Twitter has recently updated the way pictures and vine videos are displayed on the platform. Both web users and those on mobile devices can now see previews of media on their timelines and profiles without having to expand the view of a tweet.
Knowing the large positive impact that including pictures in Facebook posts has on 'likes' and other forms of engagement, we were excited about the potential for a similar effect on Twitter. An initial test that we ran confirmed our hopes: We sent out two promoted tweets linking to our blog post on tweet ideas. The two tweets were identical apart from the fact that one of them included a picture of a cute Twitter bird.
The results of this test were fantastic. Both engagement levels and click-through-rates were much higher on the tweet that included the picture. We decided to run a few more experiments with Twitter Ads to investigate the effect of picture tweets further.
We decided to set up 3 identical keyword campaigns for @Driftrock. All three broadcast two versions of a tweet that was successful for us previously - one with a picture and one without. Each campaign targetted the followers of different companies.
24 hours later, it was clear that the tweets with pictures in them were vastly outperforming those without when it came to engagement levels and clicks. For example, one picture tweet received almost 4 times the number of total engagements.
However, when we looked deeper a more complicated picture emerged. Although the number of clicks was higher on picture tweets, the vast majority of these were general clicks on the tweet rather than actual link clicks. And between 35-45% of those clicks were on the picture URL rather than the outbound link.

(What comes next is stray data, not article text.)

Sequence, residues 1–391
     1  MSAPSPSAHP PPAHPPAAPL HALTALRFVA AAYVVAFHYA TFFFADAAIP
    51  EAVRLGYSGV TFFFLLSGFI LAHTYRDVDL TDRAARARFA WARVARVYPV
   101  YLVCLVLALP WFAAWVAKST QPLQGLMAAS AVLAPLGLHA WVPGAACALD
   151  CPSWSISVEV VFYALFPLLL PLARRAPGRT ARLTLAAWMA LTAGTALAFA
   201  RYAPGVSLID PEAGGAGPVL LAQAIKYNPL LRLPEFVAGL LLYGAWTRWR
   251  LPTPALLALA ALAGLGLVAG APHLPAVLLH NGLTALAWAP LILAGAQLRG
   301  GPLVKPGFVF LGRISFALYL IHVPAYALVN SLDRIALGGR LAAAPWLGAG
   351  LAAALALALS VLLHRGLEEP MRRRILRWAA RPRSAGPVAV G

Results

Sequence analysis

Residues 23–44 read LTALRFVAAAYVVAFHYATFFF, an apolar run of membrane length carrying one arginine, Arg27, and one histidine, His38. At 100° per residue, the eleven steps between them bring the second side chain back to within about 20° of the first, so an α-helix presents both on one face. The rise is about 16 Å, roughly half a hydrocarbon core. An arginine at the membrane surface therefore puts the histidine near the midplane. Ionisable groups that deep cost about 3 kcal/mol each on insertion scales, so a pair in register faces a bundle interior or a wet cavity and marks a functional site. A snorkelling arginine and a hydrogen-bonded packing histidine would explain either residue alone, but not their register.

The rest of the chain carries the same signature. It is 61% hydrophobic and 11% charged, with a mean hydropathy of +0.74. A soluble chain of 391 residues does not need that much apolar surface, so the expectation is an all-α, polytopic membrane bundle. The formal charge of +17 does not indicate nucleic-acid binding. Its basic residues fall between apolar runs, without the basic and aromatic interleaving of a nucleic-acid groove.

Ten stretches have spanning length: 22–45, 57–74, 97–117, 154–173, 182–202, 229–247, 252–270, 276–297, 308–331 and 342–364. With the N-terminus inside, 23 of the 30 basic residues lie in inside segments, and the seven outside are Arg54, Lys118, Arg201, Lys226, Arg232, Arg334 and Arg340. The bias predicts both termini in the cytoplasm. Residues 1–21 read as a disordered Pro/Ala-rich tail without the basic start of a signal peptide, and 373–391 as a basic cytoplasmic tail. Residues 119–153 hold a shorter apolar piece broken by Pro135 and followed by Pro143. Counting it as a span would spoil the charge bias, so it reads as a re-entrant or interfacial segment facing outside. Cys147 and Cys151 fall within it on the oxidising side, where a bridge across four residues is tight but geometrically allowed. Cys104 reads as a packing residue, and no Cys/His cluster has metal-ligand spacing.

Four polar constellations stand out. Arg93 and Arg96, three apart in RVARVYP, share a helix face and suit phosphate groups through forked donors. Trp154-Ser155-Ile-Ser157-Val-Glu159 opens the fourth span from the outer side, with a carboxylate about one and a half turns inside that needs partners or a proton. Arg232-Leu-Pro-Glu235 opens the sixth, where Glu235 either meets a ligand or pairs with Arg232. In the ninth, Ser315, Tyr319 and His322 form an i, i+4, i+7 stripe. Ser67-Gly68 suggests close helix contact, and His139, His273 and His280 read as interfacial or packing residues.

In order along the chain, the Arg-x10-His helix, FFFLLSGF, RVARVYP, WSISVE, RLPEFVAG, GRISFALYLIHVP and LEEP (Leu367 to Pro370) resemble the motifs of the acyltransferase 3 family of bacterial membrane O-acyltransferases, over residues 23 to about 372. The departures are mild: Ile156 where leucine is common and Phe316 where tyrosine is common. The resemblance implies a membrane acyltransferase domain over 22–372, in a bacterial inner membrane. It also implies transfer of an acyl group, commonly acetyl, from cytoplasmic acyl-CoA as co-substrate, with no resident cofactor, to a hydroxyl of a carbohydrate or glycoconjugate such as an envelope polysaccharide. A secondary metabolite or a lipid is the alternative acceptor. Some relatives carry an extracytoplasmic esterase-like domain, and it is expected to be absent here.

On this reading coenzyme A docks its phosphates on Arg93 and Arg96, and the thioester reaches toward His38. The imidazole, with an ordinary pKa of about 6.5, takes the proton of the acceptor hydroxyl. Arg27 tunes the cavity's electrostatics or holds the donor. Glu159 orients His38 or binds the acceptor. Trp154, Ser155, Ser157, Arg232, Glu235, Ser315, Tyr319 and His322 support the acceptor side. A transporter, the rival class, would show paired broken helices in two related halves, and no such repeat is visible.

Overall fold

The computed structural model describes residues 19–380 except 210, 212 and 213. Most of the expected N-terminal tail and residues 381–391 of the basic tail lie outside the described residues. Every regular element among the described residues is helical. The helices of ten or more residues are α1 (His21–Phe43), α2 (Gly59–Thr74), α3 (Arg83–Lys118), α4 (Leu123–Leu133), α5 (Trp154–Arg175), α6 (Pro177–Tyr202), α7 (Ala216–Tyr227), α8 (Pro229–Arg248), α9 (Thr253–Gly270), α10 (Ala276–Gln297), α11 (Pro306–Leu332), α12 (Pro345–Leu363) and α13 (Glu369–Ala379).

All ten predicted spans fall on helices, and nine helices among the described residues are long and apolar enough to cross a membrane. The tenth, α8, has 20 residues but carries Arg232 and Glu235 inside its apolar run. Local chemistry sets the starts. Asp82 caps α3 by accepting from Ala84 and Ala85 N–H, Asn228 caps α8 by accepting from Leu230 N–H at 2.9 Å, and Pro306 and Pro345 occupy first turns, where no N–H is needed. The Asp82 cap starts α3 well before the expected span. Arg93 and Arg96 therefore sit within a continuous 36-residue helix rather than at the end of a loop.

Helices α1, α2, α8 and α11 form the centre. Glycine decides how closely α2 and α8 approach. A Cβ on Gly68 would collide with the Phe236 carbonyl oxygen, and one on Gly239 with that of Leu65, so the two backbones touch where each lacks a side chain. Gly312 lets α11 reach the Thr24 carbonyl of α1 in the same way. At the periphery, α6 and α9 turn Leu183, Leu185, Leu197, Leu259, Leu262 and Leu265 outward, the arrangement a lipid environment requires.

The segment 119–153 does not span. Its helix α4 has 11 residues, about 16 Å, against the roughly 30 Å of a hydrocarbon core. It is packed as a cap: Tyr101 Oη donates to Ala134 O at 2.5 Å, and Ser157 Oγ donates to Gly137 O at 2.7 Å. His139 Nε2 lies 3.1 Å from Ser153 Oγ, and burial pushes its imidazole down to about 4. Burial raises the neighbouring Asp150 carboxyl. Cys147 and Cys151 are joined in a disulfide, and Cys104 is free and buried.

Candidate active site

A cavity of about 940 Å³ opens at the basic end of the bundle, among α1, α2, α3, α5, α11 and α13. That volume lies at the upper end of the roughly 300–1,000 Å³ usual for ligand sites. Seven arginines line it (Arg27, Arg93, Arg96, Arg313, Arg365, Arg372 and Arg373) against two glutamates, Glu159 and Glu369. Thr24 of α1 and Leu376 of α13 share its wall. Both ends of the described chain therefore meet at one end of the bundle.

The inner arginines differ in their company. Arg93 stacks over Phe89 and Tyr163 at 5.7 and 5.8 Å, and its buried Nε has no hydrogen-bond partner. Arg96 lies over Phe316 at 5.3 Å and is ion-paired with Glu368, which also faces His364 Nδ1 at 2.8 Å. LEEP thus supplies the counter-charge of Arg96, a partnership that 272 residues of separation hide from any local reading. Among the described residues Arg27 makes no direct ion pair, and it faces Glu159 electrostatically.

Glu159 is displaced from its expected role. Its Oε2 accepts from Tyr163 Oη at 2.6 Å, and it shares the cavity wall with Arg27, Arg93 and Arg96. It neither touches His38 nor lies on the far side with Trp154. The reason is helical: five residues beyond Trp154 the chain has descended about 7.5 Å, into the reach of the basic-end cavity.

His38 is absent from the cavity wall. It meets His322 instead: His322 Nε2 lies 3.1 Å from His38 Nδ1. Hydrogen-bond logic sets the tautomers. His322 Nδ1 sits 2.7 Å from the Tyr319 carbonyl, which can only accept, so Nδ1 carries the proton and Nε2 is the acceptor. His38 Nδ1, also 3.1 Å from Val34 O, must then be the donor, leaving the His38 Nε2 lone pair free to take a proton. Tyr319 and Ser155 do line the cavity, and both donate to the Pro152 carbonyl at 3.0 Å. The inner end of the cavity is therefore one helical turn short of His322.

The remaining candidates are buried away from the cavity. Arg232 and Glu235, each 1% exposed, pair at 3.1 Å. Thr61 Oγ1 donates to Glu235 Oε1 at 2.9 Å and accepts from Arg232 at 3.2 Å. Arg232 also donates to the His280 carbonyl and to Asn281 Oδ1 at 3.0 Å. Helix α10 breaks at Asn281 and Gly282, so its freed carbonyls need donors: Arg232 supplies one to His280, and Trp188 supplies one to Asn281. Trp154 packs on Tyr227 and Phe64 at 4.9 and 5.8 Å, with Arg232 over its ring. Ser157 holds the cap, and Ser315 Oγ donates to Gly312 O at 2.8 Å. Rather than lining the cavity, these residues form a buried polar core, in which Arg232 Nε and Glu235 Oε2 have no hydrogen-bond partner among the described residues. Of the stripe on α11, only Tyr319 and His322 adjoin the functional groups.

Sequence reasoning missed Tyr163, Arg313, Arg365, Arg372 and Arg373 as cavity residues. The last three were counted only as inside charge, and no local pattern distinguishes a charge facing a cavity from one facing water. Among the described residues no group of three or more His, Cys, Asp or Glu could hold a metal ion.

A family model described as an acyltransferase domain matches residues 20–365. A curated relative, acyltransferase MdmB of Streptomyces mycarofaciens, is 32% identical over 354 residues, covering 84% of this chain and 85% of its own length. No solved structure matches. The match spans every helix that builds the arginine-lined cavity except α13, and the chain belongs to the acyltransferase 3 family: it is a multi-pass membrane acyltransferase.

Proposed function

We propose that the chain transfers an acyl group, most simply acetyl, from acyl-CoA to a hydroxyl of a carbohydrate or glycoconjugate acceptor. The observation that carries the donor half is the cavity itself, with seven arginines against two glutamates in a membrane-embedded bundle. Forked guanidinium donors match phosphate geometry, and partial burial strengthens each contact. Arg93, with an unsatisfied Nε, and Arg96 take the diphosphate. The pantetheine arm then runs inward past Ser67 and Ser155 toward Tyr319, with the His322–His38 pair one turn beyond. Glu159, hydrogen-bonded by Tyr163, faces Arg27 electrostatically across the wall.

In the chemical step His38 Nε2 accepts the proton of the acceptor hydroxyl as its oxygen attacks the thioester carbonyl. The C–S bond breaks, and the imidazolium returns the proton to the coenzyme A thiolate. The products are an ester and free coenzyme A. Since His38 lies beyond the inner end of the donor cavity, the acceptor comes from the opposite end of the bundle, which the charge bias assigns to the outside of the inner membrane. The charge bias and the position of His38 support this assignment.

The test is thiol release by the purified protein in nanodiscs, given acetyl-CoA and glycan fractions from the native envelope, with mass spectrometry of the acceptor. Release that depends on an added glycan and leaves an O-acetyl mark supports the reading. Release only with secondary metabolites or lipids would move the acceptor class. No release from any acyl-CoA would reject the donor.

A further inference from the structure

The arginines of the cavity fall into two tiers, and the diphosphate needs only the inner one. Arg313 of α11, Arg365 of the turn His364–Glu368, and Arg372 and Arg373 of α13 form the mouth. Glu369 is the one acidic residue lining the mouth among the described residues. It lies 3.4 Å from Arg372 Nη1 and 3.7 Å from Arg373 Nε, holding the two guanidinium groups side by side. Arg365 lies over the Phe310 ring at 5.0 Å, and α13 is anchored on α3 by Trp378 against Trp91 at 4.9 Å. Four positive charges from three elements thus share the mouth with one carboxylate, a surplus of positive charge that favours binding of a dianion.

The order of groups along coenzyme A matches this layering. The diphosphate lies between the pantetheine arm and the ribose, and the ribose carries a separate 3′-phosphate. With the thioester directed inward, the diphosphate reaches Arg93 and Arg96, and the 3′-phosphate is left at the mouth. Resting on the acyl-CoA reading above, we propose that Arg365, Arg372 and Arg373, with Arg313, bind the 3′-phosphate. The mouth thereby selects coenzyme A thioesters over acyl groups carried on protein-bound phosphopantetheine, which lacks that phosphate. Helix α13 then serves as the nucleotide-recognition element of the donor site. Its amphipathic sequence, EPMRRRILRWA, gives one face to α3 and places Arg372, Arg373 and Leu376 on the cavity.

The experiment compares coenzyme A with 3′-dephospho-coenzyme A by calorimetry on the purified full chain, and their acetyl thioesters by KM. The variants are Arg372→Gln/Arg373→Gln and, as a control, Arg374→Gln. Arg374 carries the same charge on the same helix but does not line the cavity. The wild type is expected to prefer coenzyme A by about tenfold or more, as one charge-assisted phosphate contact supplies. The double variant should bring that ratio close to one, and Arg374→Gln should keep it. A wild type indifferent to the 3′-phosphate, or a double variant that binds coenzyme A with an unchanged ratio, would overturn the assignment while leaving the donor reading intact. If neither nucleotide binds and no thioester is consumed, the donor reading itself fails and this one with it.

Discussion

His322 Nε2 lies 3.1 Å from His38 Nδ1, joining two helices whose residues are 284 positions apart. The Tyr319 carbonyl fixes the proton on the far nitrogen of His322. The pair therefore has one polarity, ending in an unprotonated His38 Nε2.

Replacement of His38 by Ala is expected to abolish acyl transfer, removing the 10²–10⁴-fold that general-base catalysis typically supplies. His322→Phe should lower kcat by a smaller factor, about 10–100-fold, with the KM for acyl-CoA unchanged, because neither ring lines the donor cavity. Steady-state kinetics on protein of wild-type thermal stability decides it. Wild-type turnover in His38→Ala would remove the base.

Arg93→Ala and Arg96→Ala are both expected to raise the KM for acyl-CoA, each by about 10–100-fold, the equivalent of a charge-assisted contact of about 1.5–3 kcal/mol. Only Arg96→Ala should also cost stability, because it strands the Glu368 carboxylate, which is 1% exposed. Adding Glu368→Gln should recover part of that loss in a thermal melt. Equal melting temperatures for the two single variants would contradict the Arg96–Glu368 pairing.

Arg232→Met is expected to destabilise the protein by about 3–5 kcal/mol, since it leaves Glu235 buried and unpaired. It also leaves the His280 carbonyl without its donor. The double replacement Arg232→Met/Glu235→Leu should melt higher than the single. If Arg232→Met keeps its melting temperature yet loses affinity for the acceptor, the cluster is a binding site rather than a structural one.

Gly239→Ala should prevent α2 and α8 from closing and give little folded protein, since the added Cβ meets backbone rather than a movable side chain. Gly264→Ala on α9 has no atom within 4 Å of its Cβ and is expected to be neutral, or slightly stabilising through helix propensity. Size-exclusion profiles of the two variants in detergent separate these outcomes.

This ultimately negatively impacted the Cost Per Click. Paradoxically, the CPC on picture links ended up being on average 2.3 times higher than on plain tweets, despite the higher engagement levels.
You can see the full results of the campaigns in the table below.
|Campaign 1||Campaign 2||Campaign 3|
|Pic||No Pic||Pic||No Pic||Pic||No Pic|
|Cost Per Engagement||£0.26||£0.12||£0.27||£0.35||£0.23||£0.14|
|Cost Per Click||£1.34||£0.60||£2.08||£1.05||£2.04||£0.75|
We believe that the main reason the proportion of actual link clicks was so low compared to overall clicks is that most Twitter users access the platform through their mobile phones and click tweets to take a closer look at the picture.
Yet we also wanted to find out how much of the effect on engagement was due to the specific picture shown rather than the novelty of a media post in itself. For this reason, we ran another set of experiments prior to this test to determine which picture to use for these campaigns.
Reassuringly, the most relevant picture we tested was also the best performer. However, the performance of the tweets containing the remaining three pictures was terrible: Almost twice the number of people clicked on the picture link rather than the website link in those. This drove up the actual CPC to infeasible levels.
We therefore urge digital marketers who want to use pictures in their promoted tweets to start by testing several pictures and to always choose relevant media.